Kars is a lightless town where the few rays of sunshine that reach it are swallowed by the black basalt architecture that has been sitting motionless, holding its ground, since the hoary times of Russian occupation. At the foot of the horse statue at its town centre, tiny street boys with grown-up macho manners squirm under the burden of their superstition as you pat their heads and tell them how cute they are before you don't let slip that saving "mashalla". You're only having them on, you'll finally buy one of those pens or packets of tissue that they sell out of these rough cut hands that should belong to adult craftsmen, not to creatures with such squeaky little voices.
Kars even has its own "village idiot" (as she was presented to me), a strumpet called Sultan, famous all over the place for her appearance. You can't help but notice when the Russian entity strides past you on the main boulevard: peroxide blonde, garish make-up (thick powder on her nose making it look plastic-like, a lipstick as pink as you would not even choose your baby daughter's playthings to be), and clothes that have her boobies bouncing out as if there was a dwarf beneath them juggling with wobbly globes three times his size. At this point you may well find yourself unintentionally exclaiming "Jesus Christ, I have never seen a prostitute before!".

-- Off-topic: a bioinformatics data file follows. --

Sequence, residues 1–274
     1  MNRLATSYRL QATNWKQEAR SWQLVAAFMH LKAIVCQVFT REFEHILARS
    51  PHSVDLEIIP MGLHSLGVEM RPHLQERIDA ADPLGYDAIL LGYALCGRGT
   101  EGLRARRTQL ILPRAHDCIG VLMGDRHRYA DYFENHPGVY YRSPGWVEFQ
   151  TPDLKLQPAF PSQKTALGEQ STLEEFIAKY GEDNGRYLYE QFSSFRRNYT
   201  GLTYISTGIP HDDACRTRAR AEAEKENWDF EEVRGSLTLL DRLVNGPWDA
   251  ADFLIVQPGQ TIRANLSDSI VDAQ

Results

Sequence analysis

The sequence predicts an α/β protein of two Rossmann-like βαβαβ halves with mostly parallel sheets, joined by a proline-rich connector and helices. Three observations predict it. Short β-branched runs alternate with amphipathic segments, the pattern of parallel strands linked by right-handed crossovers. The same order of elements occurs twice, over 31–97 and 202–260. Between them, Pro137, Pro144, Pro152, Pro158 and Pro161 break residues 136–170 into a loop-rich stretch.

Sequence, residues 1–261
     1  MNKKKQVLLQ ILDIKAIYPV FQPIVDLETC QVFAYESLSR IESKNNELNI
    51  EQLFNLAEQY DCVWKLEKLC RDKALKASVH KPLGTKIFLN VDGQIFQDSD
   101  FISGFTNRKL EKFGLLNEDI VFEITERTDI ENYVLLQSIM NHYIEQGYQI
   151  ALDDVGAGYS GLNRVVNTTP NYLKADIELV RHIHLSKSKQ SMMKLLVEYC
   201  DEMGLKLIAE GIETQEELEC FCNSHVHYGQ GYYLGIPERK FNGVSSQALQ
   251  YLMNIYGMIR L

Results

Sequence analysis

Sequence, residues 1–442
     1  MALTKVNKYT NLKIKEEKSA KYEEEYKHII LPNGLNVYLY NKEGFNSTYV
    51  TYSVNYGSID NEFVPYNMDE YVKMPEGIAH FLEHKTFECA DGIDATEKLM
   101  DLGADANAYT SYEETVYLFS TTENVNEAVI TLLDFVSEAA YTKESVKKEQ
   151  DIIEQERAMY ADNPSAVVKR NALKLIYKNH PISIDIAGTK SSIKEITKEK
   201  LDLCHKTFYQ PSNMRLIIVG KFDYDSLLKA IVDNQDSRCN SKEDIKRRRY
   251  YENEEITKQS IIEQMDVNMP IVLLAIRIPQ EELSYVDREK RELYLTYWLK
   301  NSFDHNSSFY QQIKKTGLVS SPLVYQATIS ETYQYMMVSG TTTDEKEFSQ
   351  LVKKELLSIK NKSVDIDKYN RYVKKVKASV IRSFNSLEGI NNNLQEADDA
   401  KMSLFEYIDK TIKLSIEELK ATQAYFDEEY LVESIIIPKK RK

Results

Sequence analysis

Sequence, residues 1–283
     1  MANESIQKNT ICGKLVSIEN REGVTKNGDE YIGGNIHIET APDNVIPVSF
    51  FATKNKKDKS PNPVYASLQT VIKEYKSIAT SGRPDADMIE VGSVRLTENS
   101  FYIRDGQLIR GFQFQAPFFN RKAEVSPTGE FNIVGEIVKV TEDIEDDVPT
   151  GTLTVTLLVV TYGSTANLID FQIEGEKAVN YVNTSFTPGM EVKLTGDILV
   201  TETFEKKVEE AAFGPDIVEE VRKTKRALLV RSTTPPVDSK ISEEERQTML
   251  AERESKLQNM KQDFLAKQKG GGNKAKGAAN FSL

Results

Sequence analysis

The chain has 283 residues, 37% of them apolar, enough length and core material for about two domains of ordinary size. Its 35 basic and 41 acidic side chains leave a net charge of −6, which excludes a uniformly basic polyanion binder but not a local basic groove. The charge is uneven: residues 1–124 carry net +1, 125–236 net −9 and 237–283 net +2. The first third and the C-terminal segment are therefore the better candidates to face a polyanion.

At the end of the day, more or less recent literary fame notwithstanding, Kars is a bland, unexceptional town at the centre of barren flatness. A quick escape should be appreciated.